Last week, I taught the image-mining portion of the Images and Texts in Medical History workshop at the National Library of Medicine. I am far from an expert on OpenCV, the open-source computer-vision library. But as usual, that didn’t stop me from attempting to teach it.
The materials I created for the workshop include detailed instructions on how to use OpenCV to extract images from scanned journal pages (using a script written by Chris Adams), as well as a detailed breakdown of how to use the Python OpenCV library to take the average color of an image. I’ve also included links to my favorite resources on OpenCV and computer-vision in general. (My experience has been that there are a lot of really terrible tutorials out there, so I’ve tried to link only to those that are actually helpful.)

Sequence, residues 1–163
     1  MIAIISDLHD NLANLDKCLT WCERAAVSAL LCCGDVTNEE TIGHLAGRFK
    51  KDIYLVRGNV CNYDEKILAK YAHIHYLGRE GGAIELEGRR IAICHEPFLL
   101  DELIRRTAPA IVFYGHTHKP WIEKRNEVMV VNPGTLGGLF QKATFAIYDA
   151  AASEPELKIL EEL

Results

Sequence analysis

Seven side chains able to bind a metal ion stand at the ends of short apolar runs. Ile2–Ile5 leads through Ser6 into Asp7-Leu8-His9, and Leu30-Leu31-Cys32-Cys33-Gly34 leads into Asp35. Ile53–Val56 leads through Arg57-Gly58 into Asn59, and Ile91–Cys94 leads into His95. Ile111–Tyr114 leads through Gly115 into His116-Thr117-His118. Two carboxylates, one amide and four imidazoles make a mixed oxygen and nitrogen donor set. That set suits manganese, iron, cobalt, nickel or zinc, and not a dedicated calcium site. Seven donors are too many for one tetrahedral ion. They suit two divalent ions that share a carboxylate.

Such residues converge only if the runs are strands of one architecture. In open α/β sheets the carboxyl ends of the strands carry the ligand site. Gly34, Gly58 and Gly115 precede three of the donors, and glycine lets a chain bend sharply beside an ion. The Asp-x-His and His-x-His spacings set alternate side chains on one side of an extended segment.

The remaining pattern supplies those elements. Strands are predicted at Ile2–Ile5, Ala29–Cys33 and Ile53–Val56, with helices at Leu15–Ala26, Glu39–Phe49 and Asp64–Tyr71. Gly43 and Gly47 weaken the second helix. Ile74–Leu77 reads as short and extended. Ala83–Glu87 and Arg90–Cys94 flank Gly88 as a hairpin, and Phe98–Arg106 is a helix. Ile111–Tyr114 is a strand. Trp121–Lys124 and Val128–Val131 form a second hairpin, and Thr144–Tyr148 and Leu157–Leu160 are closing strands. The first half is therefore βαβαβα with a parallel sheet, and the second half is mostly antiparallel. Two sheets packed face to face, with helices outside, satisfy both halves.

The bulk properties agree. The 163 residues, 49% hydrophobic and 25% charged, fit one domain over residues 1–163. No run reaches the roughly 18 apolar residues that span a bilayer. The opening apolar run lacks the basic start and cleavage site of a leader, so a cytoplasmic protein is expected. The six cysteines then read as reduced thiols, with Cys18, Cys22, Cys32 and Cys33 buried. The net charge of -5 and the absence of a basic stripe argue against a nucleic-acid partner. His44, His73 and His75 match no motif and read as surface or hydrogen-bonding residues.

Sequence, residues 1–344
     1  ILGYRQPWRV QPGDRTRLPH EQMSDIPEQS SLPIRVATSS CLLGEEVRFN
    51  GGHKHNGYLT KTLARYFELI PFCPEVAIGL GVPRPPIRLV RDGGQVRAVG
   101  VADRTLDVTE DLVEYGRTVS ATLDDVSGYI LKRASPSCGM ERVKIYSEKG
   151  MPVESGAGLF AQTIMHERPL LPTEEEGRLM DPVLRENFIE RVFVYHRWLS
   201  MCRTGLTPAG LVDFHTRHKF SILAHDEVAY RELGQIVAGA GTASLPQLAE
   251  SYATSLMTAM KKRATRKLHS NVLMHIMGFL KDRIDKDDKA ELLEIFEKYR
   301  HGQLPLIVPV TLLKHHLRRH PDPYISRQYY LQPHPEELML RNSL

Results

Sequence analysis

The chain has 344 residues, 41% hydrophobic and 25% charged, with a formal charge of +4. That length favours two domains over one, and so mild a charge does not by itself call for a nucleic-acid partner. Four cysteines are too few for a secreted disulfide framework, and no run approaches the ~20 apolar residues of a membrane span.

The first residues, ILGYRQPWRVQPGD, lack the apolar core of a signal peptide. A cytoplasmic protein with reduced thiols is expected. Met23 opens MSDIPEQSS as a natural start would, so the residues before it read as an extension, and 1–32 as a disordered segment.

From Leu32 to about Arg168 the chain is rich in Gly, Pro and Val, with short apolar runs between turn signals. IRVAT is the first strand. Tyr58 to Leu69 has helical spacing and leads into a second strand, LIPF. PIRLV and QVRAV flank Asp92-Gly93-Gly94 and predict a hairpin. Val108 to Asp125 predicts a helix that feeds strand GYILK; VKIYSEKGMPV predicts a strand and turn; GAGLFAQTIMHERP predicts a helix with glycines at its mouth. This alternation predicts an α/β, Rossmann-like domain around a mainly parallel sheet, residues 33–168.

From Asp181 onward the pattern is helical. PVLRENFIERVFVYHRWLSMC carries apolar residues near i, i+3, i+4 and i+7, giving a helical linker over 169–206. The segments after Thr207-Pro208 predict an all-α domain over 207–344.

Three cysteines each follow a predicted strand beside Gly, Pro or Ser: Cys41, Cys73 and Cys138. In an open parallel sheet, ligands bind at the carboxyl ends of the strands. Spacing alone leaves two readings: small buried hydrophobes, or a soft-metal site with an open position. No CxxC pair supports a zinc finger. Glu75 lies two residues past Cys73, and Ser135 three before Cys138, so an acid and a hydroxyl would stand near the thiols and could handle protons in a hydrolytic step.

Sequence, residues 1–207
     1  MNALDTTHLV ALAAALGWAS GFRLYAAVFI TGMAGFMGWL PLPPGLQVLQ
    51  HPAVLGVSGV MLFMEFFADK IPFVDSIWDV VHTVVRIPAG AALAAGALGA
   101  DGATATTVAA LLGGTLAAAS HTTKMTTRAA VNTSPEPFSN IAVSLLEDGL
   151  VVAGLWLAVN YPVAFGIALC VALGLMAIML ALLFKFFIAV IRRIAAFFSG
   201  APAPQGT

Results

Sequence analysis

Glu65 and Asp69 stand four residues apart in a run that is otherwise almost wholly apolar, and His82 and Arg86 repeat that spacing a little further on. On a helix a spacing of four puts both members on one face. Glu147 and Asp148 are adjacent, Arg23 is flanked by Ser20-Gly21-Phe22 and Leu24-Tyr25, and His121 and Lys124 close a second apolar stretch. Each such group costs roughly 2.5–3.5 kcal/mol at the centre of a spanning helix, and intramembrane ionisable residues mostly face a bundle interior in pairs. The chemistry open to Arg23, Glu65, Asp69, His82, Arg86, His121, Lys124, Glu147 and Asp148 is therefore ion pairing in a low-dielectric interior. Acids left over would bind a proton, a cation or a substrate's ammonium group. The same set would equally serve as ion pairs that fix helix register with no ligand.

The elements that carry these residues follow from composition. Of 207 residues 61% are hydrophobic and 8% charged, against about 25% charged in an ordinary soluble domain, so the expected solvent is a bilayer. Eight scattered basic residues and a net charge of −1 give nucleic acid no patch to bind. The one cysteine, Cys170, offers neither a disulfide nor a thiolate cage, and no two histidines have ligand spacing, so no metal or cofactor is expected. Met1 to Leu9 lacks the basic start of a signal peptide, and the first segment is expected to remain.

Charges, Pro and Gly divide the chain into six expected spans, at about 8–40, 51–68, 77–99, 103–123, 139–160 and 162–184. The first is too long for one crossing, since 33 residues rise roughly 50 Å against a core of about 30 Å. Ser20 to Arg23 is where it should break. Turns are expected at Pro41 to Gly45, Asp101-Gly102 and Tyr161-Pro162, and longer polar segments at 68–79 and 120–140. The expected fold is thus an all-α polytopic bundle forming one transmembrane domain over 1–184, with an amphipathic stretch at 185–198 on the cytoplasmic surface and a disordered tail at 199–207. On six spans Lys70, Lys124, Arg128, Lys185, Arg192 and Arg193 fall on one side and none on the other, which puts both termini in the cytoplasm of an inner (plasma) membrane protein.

Ben Schmidt taught the text-mining portion of the workshop, and his materials are really great. His handouts in particular are concise, opinionated rundowns of the strengths and weaknesses of various forms of text analysis.
In preparation for the workshop, Ben and I created a virtual machine, provisioned via Vagrant with all the dependencies and data the participants needed. If you’d like to install the VM, it has everything you need for both Ben and my portions of the workshop, and the instructions should be pretty clear. (The VM is based on one that Andrew Goldstone created for his Literary Data class.)
The process of getting the VM installed on participants’ own computers was … complicated. We learned many things about Vagrant and VirtualBox, including the fact that Windows 7 and 8 don’t come with any way to handle SSH.
It was definitely the most technically complex workshop either of us have attempted (to a group of about 50!!). It was definitely not hitch-free, but it was really satisfying to see participants get excited about computer vision, and to talk about ways they might use these techniques in their own research.